Kole GreyEyes is a freshman psychology major from Puyallup, WA, and a member of the Navajo Nation who spoke of his experiences as a Native American and what his heritage means to him.
The Navajo are a Native American people of the Southwestern U.S. and contain about 400,000 individuals, many of which still live on the Navajo reservation.  It occupies the areas of Northeastern Arizona, Northwestern New Mexico, and Southeastern Utah. This is the largest land area held by a Native American tribe in the U.S. and its area is greater than the states of Massachusetts, Vermont, and New Hampshire combined. 
GreyEyes spoke extensively about his heritage in his personal life. His dad is of Navajo descent, but his mothers’ family is white. When he was younger, he wasn’t concerned about his heritage. “When I was in elementary school, I was forced into a group to learn about Native American culture.”  GreyEyes didn’t appreciate being forced to learn about Indigenous culture at the time, but he came to later admire this experience during his childhood.
Although GreyEyes’s heritage didn’t affect his experiences growing up, he has now begun to contemplate it frequently. “I think about it a lot. My dad is 1/2 Navajo, so I barely meet the requirements to be an officially registered member of the tribe.”  There is much discussion in the Indigenous community about what constitutes a Native American person. GreyEyes’s mixed heritage has become a frequent thought in his mind.
One of GreyEyes’s most special trips was going to Holbrook, Arizona with his classmates at Upper Columbia Academy to perform music at Holbrook Indian School, a school that serves children in the Navajo nation. It was a different experience for GreyEyes than for his classmates, but he felt that it was a special trip to connect with his heritage and meet more Navajo people.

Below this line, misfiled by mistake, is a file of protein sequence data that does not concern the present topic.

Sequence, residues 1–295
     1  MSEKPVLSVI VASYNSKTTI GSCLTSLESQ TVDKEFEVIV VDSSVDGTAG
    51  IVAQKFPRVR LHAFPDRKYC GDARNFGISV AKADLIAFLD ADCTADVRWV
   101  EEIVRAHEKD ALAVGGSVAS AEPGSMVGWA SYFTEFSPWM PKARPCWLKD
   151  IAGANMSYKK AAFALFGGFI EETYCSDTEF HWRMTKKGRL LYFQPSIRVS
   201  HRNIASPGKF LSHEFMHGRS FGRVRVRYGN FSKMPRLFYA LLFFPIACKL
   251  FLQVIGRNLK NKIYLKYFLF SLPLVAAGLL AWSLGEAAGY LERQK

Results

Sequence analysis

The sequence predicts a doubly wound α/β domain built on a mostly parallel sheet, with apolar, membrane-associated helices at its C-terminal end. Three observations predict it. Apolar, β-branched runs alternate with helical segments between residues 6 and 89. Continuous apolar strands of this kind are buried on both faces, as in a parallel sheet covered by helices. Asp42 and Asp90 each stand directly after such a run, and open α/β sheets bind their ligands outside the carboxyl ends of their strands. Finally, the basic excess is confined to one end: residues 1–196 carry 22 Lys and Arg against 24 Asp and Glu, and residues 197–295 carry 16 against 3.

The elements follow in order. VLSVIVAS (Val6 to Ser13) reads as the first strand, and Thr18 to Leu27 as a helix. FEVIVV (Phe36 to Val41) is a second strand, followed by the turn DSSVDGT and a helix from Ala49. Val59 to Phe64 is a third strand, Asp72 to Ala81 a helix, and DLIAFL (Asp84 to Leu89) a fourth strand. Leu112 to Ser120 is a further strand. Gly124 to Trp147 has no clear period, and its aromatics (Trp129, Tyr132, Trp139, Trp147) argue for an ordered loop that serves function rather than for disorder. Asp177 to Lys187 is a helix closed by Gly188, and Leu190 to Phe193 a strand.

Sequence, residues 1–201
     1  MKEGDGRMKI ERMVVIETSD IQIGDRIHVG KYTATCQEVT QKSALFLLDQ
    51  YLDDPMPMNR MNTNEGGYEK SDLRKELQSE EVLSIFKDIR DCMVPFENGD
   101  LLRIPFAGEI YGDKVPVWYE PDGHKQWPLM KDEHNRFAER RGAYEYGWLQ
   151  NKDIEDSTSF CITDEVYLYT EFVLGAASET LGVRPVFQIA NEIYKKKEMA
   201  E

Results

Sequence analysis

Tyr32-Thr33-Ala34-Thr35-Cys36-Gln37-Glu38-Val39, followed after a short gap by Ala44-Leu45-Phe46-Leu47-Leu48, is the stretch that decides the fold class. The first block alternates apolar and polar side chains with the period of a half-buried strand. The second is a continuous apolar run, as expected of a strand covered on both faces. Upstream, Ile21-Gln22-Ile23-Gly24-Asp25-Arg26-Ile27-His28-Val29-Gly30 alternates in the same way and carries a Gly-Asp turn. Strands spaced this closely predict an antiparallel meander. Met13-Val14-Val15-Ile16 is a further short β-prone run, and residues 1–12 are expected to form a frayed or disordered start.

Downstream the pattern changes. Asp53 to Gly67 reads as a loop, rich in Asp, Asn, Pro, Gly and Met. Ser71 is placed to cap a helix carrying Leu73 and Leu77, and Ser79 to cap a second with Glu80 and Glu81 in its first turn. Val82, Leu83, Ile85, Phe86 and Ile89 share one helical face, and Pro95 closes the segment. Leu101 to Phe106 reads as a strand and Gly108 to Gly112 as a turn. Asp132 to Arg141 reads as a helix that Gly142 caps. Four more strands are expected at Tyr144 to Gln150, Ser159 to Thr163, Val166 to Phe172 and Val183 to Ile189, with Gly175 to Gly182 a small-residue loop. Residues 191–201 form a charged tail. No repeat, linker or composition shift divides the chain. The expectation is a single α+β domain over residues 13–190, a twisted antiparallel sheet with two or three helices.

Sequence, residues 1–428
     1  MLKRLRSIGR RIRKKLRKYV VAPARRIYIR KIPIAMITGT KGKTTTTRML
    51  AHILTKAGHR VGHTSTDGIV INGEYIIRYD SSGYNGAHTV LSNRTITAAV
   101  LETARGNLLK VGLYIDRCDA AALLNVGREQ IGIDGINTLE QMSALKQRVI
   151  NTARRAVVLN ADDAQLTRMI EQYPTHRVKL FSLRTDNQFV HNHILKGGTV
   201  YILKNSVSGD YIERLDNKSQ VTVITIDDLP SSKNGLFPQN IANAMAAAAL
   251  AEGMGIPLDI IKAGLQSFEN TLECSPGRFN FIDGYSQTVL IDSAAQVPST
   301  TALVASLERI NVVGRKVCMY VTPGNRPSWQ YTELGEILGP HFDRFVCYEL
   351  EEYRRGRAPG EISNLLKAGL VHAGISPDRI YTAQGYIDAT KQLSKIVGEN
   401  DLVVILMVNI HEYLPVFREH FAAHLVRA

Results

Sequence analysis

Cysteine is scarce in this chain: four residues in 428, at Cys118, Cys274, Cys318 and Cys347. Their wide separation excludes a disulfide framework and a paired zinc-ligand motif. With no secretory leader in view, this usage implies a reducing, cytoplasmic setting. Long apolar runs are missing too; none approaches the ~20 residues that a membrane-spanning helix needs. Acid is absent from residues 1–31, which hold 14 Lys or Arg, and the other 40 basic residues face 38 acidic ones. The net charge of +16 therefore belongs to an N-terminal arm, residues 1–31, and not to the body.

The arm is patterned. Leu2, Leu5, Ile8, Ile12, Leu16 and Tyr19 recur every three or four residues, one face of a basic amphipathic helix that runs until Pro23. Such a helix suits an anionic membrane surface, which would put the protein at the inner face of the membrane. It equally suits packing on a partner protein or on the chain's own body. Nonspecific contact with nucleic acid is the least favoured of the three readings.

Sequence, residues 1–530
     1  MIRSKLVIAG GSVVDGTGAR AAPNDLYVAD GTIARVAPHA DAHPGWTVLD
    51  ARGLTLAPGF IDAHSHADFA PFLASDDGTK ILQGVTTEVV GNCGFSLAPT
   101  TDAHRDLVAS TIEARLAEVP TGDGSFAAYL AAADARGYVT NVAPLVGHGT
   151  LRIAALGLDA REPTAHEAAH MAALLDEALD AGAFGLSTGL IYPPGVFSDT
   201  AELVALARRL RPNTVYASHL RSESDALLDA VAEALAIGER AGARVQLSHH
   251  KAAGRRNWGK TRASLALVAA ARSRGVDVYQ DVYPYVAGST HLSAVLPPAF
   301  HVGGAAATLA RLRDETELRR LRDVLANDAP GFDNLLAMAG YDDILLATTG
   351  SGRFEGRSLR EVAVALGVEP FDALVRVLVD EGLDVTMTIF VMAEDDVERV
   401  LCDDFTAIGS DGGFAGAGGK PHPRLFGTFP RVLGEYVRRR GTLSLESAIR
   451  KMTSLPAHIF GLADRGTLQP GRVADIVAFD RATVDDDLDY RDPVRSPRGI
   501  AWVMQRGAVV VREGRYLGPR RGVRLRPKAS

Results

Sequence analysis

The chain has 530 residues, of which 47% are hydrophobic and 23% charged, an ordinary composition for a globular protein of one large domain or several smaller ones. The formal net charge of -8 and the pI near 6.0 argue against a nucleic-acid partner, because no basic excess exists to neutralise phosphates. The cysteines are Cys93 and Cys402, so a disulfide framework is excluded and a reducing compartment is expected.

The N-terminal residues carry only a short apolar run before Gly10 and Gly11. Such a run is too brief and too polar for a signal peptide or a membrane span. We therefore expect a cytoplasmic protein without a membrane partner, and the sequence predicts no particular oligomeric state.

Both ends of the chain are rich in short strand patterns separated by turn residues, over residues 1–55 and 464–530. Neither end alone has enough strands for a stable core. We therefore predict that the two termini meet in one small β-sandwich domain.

GreyEyes’s grandfather grew up on a reservation but died just after GreyEyes was born. “According to my dad, my grandpa was the second Navajo to graduate with an MD.”  His grandfather was influential in his community and inspired many other members to pursue higher education.
GreyEyes’s experience at Walla Walla University hasn’t changed his perspective on his heritage. Last year, Walla Walla University started an Indigenous People’s club, but it is no longer in operation because two of the founders have now graduated. GreyEyes expressed curiosity in joining the Indigenous People’s Club if it were to restart. Although GreyEyes hasn’t had many chances to pursue his heritage and traditions, his identity is special to him, and he wants to continue to learn about it throughout his life.